Data from the Law Management Section’s 2017 Financial Benchmarking Survey shows continued improvements for most participants, but there are warning signs that some practices are slipping back into bad habits, warns Andy Harris
Widely regarded as the leading annual health check for mid-sized firms, the Law Management Section’s 2017 Financial Benchmarking Survey brings together the results of firms across the country to provide a comprehensive analysis of their comparable financial health. It was published last week.
Most of the key metrics show improved financial performance, but there are some warning signs that a small number of practices are slipping back into bad habits.
Fee-earner income increases
For the seventh consecutive year, participants have seen an increase in fee income, with a median growth of 5.8 per cent, following a 5.4 per cent increase last year. Median fee income per equity partner also increased, by 7.1 per cent, from £560k to £600k. This can be attributed to a small increase in the ratio of fee-earners to equity partners, as fee income per fee-earner remained unchanged year on year, at a median £119k.
Salary costs impact super-profits
In recent years, total salary costs have increased very little, partly as a result of practices increasing fee-earner numbers with lower-earning individuals. Fee-earner retention and recruitment challenges are putting greater pressure on some firms to increase salaries. This year, the median cost of an employed fee-earner rose by 3.8 per cent, to £41,780. On the other hand, the median cost of a member of support staff fell slightly, from £22,333 last year to £22,052. Over the next 12 months, most smaller practices will reach their staging dates for pensions auto-enrolment, will add increasing amounts to the salary bills of those that do not already pay fairly generously into employees’ pension pots.
Total salary costs, including notional salaries for equity partners, amounted to a median 59 per cent of fee income. When a figure for non-salary overheads is included, the breakeven point for a fee-earner – beyond which any fee income will contribute to profit – was £106,245. So if a practice has a 31 December year end, on average it takes until 21 November before a fee-earner earns sufficient fees to cover their total costs for the year, and for the practice to reach ‘super profits’.
Profit per equity partner still on the rise
Median profit per equity partner (before notional salary) has increased for the seventh year running. The median net profit per equity partner for the participants in our survey was £135,979 in 2016, compared to £125,340 in 2015 – a rise of 8.5 per cent – with smaller practices seeing the largest increases. If this is adjusted to include notional salary and notional interest on capital for equity partners, this gives a median ‘super profit’ of £55,941. The median super-profit as a percentage of total income increased from 9.5 per cent in 2015 to 10.1 per cent in 2016.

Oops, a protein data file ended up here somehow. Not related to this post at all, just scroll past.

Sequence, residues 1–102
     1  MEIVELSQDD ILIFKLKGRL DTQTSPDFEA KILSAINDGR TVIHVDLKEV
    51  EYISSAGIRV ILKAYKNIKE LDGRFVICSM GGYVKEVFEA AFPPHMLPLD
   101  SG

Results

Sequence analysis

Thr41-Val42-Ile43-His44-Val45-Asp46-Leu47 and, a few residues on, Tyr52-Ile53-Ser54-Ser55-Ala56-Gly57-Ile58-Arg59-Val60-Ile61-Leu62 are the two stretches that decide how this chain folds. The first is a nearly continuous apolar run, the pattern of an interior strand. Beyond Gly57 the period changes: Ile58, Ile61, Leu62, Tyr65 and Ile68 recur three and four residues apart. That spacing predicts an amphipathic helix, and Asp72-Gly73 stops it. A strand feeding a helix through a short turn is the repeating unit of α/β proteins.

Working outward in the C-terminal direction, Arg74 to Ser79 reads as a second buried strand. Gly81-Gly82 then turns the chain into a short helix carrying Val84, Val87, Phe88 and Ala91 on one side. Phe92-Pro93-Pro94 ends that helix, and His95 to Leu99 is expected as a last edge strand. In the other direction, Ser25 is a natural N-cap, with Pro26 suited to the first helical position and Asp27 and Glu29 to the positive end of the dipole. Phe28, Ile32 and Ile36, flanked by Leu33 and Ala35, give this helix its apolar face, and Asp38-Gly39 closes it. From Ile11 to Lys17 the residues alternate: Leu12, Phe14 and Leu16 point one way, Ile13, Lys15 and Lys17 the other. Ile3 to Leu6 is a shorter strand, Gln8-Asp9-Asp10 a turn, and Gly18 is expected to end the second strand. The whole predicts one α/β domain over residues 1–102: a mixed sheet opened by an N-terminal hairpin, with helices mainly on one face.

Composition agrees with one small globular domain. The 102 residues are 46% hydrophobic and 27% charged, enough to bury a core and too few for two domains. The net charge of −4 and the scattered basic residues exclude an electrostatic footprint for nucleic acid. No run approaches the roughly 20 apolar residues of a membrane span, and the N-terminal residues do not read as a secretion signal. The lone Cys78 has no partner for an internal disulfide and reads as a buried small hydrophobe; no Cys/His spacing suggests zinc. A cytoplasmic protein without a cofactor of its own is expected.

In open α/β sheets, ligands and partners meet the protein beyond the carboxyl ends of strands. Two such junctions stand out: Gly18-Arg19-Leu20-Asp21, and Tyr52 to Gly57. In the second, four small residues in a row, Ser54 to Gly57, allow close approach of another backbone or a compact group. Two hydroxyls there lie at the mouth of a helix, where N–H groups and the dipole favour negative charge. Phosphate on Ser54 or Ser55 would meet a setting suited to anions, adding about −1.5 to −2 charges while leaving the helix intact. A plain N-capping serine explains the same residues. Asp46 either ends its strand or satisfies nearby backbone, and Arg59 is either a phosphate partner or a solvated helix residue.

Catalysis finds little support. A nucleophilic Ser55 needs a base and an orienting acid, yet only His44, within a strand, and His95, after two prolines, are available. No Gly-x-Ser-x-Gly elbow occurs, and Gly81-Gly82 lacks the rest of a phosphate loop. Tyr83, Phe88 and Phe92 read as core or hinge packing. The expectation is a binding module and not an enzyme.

Lock-up and borrowings improves
Finally, it seems that practices are getting better at managing their overall lock-up, with reductions in both work-in-progress and debtor days. There has also been a reduction in the level of total practice borrowings per equity partner, from £52k to £45k: on the face of it, a positive change, unless the reduction has been driven by a withdrawal of funding facilities.
Beware drawings in excess of profits
In the 2016 report, we noted that partners in a quarter of participating firms had taken drawings (including income tax) in excess of profits; this trend continued in 2016, with similar numbers. Almost one in 10 has taken drawings in excess of profits for two consecutive years, compared to six per cent last year.
The Financial Benchmarking Survey is produced by the Law Society’s Law Management Section, in association with Hazlewoods LLP, and sponsored by Lloyds Bank Commercial Banking. Now in its 17th year, the survey is essential for small to medium-sized firms to help them make effective, evidence-based decisions for their businesses.
This blog is based on an article originally published in the January 2017 edition of Managing for Success, the magazine of the Law Management Section.
Pressures on cashflow are as strong as ever, and practices need to be mindful of the lessons learned over the last few years, particularly at a time when there is so much uncertainty about the future of the legal sector and economy as a whole.